14. repec:cup:apsrev:v:103:y:2009:i:02:p:231-247_09 is not listed on IDEAS
    15. Edward L. Glaeser & David Laibson & Bruce Sacerdote, 2002. "An Economic Approach to Social Capital," Economic Journal, Royal Economic Society, vol. 112(483), pages 437-458, November.
    16. Botticini, Maristella & Eckstein, Zvi, 2005. "Jewish Occupational Selection: Education, Restrictions, or Minorities?," The Journal of Economic History, Cambridge University Press, vol. 65(04), pages 922-948, December.
    17. Luigi Pascali, 2016. "Banks and Development: Jewish Communities in the Italian Renaissance and Current Economic Performance," The Review of Economics and Statistics, MIT Press, vol. 98(1), pages 140-158, March.
    18. repec:hrv:faseco:30726298 is not listed on IDEAS
    19. Joshua D. Angrist & Victor Lavy, 1999. "Using Maimonides' Rule to Estimate the Effect of Class Size on Scholastic Achievement," The Quarterly Journal of Economics, Oxford University Press, vol. 114(2), pages 533-575.
    20. Bjornskov, Christian, 2006. "The multiple facets of social capital," European Journal of Political Economy, Elsevier, vol. 22(1), pages 22-40, March.
    21. Greif, Avner, 1994. "Cultural Beliefs and the Organization of Society: A Historical and Theoretical Reflection on Collectivist and Individualist Societies," Journal of Political Economy, University of Chicago Press, vol. 102(5), pages 912-950, October.
    Full references (including those not matched with items on IDEAS)

    Citations

    Citations are extracted by the CitEc Project, subscribe to its RSS feed for this item.
    as


    Cited by:

    1. Couttenier, Mathieu & Sangnier, Marc, 2015. "Living in the Garden of Eden: Mineral resources and preferences for redistribution," Journal of Comparative Economics, Elsevier, vol. 43(2), pages 243-256.
    2. Mevlude Akbulut-Yuksel & Mutlu Yuksel, 2015. "The Long-Term Direct and External Effects of Jewish Expulsions in Nazi Germany," American Economic Journal: Economic Policy, American Economic Association, vol. 7(3), pages 58-85, August.
    3. Irena Grosfeld & Ekaterina Zhuravskaya, 2013. "Persistent effects of empires: Evidence from the partitions of Poland," PSE Working Papers halshs-00795231, HAL.
    4. Nico Voigtländer & Joachim Voth, 2012. "(Re-) Shaping hatred: Anti-Semitic attitudes in Germany, 1890-2006," Economics Working Papers 1344, Department of Economics and Business, Universitat Pompeu Fabra.

    More about this item

    Keywords

    Pale of Settlement; Holocaust; persistent culture; anti-market; bonding trust; pogroms;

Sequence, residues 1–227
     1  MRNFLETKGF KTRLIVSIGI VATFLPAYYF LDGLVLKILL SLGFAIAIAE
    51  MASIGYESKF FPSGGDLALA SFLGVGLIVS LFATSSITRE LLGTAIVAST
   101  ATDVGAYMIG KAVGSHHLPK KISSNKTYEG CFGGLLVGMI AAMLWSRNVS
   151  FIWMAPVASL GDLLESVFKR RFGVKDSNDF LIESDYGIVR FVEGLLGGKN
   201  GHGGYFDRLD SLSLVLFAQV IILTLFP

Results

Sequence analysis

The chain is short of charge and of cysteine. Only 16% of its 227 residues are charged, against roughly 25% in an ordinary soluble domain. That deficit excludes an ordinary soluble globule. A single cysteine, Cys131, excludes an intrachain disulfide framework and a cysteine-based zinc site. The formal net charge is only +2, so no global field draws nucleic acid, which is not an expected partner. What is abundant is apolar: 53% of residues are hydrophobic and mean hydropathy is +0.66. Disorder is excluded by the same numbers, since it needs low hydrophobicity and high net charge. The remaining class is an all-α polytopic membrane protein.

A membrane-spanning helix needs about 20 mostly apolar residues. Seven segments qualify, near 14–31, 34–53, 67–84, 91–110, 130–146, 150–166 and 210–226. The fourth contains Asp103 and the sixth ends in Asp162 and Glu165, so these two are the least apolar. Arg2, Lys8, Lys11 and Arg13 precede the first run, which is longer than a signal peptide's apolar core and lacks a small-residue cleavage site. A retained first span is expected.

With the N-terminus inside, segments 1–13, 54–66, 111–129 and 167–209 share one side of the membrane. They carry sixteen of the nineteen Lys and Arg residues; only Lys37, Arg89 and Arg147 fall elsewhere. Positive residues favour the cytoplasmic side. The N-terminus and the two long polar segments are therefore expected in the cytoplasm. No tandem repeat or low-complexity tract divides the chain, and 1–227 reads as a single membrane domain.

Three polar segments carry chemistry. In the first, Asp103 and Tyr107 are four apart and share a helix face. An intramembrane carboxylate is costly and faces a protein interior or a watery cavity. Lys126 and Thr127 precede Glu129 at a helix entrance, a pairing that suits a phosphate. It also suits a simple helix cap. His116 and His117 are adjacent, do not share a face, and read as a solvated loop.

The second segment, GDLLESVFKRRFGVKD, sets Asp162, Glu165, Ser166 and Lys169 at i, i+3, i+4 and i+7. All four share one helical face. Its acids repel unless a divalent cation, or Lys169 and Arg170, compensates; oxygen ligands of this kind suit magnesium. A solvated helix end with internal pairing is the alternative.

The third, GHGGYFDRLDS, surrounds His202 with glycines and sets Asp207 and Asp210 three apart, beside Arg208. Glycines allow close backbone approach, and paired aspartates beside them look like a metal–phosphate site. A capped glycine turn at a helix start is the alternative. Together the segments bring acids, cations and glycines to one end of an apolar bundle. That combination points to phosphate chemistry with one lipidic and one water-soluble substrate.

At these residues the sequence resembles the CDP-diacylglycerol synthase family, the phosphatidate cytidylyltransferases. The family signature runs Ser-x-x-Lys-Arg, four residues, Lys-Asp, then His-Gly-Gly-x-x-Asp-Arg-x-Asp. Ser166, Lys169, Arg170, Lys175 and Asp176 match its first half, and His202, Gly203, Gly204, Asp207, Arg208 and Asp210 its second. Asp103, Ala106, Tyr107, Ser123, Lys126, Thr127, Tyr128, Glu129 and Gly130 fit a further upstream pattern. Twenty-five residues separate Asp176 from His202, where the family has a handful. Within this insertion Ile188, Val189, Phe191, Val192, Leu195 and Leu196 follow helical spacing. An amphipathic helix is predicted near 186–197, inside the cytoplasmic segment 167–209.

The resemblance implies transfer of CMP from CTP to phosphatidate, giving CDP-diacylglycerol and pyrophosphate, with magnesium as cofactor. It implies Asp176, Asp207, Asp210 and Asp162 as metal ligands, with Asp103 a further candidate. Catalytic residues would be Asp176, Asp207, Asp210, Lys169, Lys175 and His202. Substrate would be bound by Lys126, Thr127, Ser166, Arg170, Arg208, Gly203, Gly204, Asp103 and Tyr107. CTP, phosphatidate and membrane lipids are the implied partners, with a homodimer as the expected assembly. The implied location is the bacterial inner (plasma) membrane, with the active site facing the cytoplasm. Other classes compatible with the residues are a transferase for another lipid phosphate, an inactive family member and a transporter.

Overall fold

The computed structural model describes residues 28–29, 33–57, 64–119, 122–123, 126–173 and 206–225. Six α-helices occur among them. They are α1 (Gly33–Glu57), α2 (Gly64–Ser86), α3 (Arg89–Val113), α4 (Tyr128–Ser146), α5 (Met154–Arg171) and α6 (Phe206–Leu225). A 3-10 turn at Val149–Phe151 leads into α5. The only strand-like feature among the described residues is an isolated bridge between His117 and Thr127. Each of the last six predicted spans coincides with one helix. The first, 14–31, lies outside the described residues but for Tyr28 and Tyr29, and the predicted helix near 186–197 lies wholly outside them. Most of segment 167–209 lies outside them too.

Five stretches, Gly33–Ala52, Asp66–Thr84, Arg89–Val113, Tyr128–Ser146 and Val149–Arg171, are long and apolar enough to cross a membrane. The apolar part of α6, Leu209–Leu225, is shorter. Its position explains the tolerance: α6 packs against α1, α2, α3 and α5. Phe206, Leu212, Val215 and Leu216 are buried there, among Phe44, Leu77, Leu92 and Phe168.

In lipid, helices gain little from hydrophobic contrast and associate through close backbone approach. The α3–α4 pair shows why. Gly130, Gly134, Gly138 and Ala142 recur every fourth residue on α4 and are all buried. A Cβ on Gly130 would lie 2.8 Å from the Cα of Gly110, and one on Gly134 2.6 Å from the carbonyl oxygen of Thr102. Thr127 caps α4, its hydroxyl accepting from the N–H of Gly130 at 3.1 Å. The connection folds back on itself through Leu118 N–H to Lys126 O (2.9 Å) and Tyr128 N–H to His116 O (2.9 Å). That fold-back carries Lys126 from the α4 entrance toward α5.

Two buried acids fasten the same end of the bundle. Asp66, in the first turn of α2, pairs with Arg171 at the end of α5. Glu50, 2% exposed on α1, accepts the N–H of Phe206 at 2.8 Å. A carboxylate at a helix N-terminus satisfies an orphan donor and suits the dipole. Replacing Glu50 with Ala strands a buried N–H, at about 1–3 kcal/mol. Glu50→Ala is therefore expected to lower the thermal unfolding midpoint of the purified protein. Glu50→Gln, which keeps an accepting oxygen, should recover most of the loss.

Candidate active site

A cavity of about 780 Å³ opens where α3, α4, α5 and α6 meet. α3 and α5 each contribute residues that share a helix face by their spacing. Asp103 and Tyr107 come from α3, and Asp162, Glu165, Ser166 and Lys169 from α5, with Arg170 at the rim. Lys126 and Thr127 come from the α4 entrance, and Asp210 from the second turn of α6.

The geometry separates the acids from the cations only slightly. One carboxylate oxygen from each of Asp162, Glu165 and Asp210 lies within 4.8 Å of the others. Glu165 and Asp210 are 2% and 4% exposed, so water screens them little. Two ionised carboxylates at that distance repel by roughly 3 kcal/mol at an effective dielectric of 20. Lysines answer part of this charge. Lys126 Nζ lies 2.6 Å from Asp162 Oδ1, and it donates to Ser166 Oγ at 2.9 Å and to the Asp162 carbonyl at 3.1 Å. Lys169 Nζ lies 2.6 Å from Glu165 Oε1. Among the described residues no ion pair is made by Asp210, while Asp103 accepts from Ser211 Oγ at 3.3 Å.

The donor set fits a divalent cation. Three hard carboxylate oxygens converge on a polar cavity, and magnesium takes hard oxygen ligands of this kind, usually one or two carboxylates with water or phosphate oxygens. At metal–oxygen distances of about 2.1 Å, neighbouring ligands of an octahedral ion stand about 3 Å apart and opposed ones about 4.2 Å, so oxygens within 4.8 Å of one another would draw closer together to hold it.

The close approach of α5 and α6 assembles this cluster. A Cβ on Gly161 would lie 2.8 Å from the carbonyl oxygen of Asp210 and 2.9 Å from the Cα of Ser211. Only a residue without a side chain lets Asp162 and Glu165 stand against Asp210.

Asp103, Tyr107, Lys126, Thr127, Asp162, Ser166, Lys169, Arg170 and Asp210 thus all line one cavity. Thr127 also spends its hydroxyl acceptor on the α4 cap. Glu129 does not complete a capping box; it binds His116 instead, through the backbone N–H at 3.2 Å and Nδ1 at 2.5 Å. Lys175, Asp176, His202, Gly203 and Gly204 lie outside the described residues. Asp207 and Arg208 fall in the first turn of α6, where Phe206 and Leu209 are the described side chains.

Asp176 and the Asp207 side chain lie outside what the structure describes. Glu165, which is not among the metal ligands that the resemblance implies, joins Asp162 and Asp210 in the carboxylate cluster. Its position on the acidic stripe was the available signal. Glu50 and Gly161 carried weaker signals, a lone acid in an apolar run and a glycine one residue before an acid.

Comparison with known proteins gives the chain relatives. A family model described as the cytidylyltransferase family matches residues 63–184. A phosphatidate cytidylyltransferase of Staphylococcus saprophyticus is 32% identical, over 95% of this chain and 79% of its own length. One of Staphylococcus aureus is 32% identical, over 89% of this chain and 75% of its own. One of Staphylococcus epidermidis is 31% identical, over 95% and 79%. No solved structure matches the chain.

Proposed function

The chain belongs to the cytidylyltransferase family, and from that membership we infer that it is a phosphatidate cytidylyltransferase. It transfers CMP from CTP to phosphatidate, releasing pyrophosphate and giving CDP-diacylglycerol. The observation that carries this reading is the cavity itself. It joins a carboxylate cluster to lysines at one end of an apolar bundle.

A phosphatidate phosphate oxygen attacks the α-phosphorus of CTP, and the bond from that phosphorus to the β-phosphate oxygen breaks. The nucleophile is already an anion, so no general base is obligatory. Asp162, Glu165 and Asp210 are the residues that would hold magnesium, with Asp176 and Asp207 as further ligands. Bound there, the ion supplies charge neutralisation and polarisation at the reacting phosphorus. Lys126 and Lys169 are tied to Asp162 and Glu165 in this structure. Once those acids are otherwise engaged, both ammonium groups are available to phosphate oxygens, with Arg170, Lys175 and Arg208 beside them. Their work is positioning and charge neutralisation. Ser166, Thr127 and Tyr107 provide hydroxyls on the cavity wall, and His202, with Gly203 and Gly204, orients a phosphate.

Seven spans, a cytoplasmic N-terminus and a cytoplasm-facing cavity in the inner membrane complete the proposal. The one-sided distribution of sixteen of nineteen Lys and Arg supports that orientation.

JEL classification:

    • O11 - Economic Development, Innovation, Technological Change, and Growth - - Economic Development - - - Macroeconomic Analyses of Economic Development
    • P16 - Economic Systems - - Capitalist Systems - - - Political Economy of Capitalism
    • P36 - Economic Systems - - Socialist Institutions and Their Transitions - - - Consumer Economics; Health; Education and Training; Welfare, Income, Wealth, and Poverty
    • N40 - Economic History - - Government, War, Law, International Relations, and Regulation - - - General, International, or Comparative

    NEP fields

    This paper has been announced in the following NEP Reports:

    Statistics

    Access and download statistics

    Corrections

    All material on this site has been provided by the respective publishers and authors. You can help correct errors and omissions. When requesting a correction, please mention this item's handle: RePEc:cfr:cefirw:w0145. See general information about how to correct material in RePEc.

    For technical questions regarding this item, or to correct its authors, title, abstract, bibliographic or download information, contact: (Julia Babich). General contact details of provider: http://edirc.repec.org/data/cefirru.html .

    If you have authored this item and are not yet registered with RePEc, we encourage you to do it here. This allows to link your profile to this item. It also allows you to accept potential citations to this item that we are uncertain about.

    If CitEc recognized a reference but did not link an item in RePEc to it, you can help with this form .

    If you know of missing items citing this one, you can help us creating those links by adding the relevant references in the same way as above, for each refering item. If you are a registered author of this item, you may also want to check the "citations" tab in your RePEc Author Service profile, as there may be some citations waiting for confirmation.

    Please note that corrections may take a couple of weeks to filter through the various RePEc services.

    IDEAS is a RePEc service hosted by the Research Division of the Federal Reserve Bank of St. Louis . RePEc uses bibliographic data supplied by the respective publishers.